Scott's Weblog The weblog of an IT pro focusing on cloud computing, Kubernetes, Linux, containers, and networking

Easily Finding the Latest CoreOS AMI ID

It seems as if finding the right Amazon Machine Image (AMI) ID for the workload you’d like to deploy can sometimes be a bit of a challenge. Each combination of region and AMI produces a unique ID, so you have to look up the AMI for the particular region where you’re going to deploy the workload. This in and of itself wouldn’t be so bad, but then you have to wade through multiple versions of the same AMI in each region. Fortunately, if you’re using CoreOS Container Linux on AWS, there’s an easy way to find the right AMI ID. Here’s how it works.

CoreOS publishes a JSON feed of the latest AMI for each of their channels (stable, beta, and alpha). You can find links to these JSON feeds on this page. This is powerful for 2 reasons:

  1. Because it’s available via HTTP, you can use curl to retrieve it anytime you need it.

  2. Because it’s in JSON, you can use jq (see my post on jq for more information) to easily parse it to find the information you need. (Not super comfortable with JSON? Check out my introductory post.)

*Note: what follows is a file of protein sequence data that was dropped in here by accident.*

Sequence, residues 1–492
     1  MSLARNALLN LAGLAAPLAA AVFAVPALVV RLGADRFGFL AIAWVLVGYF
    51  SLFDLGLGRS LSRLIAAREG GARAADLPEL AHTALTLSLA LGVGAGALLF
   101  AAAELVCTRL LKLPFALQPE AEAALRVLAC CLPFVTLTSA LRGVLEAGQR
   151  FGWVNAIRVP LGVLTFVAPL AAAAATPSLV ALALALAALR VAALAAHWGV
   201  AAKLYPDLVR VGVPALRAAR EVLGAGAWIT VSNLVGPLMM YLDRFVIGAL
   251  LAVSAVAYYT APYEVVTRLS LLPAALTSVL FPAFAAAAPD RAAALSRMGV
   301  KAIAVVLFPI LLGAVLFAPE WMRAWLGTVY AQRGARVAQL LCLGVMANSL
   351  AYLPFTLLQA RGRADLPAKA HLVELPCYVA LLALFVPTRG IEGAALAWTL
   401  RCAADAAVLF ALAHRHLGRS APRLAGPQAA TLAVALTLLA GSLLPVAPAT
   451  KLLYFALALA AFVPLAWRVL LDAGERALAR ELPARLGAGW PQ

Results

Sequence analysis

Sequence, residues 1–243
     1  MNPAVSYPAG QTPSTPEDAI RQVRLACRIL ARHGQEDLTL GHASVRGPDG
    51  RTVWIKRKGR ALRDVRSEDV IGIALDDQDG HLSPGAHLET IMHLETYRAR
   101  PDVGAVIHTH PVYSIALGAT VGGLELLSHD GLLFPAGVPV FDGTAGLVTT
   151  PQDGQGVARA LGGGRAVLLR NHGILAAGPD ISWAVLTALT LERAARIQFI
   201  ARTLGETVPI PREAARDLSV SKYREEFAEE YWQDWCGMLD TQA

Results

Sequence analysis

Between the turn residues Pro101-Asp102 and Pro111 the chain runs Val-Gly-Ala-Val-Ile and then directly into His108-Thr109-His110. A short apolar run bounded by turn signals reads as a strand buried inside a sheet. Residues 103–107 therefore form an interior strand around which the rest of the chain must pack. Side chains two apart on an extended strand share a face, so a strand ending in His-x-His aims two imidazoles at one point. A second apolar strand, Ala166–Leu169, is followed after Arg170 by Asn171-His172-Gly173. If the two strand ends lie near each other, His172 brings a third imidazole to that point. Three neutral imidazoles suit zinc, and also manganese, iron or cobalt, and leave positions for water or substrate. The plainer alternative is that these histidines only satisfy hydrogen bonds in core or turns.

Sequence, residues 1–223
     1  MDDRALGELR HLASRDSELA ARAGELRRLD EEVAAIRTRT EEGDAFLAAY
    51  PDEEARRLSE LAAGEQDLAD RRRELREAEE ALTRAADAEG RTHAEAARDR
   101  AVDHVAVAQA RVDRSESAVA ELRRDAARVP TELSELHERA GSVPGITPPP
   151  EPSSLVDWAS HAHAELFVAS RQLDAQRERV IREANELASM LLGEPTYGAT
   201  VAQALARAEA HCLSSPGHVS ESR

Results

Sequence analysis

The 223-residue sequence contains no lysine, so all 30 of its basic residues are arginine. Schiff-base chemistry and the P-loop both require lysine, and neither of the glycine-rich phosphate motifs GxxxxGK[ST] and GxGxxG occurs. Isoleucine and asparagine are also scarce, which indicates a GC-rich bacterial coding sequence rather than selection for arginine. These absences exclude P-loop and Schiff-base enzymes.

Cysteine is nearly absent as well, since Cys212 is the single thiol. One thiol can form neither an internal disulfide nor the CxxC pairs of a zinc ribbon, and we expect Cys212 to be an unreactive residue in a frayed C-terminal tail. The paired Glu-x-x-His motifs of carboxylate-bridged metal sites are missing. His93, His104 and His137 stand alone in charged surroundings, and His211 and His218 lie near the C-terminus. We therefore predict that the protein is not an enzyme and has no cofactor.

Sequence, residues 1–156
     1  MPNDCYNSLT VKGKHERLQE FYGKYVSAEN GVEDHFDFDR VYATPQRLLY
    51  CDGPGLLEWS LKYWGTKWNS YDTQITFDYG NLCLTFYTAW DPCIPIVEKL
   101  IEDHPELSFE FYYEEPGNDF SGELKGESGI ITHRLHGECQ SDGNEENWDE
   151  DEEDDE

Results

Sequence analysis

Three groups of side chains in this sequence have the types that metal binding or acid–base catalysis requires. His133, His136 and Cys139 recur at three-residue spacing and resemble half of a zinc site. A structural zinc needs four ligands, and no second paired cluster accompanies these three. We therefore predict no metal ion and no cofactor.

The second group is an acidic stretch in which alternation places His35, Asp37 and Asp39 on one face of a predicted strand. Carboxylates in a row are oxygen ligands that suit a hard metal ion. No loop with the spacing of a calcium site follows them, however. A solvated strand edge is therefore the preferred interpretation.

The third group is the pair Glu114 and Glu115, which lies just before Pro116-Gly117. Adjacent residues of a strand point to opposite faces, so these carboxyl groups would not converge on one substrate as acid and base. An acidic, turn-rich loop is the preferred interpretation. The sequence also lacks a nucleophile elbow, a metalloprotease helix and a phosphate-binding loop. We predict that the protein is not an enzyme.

Putting these two reasons together, you end up with a command that looks something like this:

curl -s | jq -r '."us-west-2".hvm'

This command pulls the stable JSON feed, then parses it using jq to look for the “us-west-2” AMI. Note the somewhat odd quoting necessary for jq to work properly. The -s parameter to curl suppresses any output, and the -r parameter to jq returns plain, unformatted (raw) text. Use some Bash command substitution to assign the output of this command to a variable and you’ve got an easy, always up-to-date way of determining the AMI ID for the latest release of CoreOS Container Linux in your AWS region of choice.

Now, if only other organizations would do the same…


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